Seniors Find Ways To Stay Active With Walking Football

Soccer without running? Why this is actually a great idea.

As we get older, the hustle and bustle of life can become overwhelming. Even the most simple of life’s pleasures, like having an engaging conversation with a friend or taking a long peaceful stroll outside, begin to become rarities. And as we get into our elder years, the bustling and noisy outside world can make our lives feel disjointed and isolated. In an effort to improve the quality of life for our seniors, a new form of soccer has emerged. It’s called "walking football."

This new form of soccer was designed for seniors, to help them become active by getting them out of their homes and involved in a fun and sometimes competitive activity. The most important rule of the game is that there is no running allowed, thus the game's name. This rule exists to reduce the risk of injury while still increasing physical activity for the participants. In order to keep track of this critical rule, each player must have one foot touching the ground at all times to prove that he or she is walking and not running.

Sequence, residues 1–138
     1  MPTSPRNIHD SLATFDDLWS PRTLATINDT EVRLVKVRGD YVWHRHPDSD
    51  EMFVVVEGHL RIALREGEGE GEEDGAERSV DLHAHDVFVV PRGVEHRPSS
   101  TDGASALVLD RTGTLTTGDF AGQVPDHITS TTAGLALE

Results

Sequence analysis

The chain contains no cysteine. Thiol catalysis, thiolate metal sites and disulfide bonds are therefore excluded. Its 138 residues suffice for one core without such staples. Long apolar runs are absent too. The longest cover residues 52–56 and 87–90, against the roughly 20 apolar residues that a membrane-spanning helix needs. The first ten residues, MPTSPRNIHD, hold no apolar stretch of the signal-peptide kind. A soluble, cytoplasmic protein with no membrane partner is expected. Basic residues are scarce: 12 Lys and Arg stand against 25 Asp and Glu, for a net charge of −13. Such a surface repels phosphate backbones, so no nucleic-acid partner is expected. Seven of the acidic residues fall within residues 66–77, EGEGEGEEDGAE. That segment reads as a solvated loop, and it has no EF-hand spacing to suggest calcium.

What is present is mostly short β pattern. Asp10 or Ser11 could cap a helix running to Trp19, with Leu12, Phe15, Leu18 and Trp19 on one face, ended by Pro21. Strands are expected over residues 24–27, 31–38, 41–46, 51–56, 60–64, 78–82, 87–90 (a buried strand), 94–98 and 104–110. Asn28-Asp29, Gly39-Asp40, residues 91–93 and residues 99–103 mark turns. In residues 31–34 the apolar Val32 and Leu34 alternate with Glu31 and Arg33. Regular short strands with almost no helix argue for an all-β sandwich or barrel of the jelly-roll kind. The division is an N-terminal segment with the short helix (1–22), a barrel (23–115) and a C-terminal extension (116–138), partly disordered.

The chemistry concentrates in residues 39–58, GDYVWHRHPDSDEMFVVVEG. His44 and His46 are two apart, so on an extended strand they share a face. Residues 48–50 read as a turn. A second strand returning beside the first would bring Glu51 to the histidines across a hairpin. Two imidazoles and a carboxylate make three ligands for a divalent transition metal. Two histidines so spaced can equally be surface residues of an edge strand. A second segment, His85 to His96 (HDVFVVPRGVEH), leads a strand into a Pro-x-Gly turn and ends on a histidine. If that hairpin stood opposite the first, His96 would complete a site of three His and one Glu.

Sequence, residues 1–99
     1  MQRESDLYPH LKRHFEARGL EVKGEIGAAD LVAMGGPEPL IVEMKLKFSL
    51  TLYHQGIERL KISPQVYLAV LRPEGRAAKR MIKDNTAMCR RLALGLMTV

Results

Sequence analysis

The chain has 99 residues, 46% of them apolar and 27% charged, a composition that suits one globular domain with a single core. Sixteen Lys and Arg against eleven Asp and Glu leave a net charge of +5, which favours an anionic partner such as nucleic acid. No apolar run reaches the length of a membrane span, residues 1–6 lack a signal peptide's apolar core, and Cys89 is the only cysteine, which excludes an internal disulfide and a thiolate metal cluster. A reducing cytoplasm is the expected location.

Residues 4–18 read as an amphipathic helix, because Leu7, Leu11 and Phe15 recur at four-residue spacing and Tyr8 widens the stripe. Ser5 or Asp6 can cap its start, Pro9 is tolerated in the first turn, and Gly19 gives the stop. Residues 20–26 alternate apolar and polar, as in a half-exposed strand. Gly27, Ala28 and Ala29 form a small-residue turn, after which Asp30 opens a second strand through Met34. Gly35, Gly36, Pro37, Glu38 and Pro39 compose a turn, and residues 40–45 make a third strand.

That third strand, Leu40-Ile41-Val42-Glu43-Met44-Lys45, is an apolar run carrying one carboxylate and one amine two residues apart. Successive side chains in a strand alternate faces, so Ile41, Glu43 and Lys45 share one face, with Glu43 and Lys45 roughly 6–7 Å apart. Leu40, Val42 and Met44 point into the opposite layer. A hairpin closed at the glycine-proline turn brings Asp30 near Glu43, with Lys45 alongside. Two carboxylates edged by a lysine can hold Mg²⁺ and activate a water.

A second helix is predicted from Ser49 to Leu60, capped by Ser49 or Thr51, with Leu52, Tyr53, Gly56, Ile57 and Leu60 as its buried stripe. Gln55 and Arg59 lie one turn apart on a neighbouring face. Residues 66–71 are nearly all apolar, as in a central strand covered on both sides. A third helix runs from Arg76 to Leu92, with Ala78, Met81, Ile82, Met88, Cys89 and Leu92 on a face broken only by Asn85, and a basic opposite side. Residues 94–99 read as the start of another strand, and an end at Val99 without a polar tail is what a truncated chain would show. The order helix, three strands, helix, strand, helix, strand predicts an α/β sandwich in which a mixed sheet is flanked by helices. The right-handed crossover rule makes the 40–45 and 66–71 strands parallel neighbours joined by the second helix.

The absence of running does not prevent these soccer-loving seniors from getting the critical physical activity that they need. A study done on walking football found that participants lost weight, lowered their blood pressure, improved mobility as well as other health benefits from their increased activity. Not to mention, the game is extremely enjoyable and provides the benefits of social activity and having a lot of fun.

Walking football has rapidly expanded across Europe and has recently started to develop in Canada. There are currently more than 800 teams in the UK alone. Even some retired professional players such as Harry Kane, Geoff Hurst, Alan Shearer and Fabrice Muamba have given walking football their blessings.

A member of the Chesterfield Senior Spirites, one of the largest clubs in the UK, explained the reasoning behind the creation of the game as only a Brit could explain: "Soccer is in our blood, and we can still do it, sort of." Hopefully walking football continues to spread into the U.S. soon so our seniors can benefit too.

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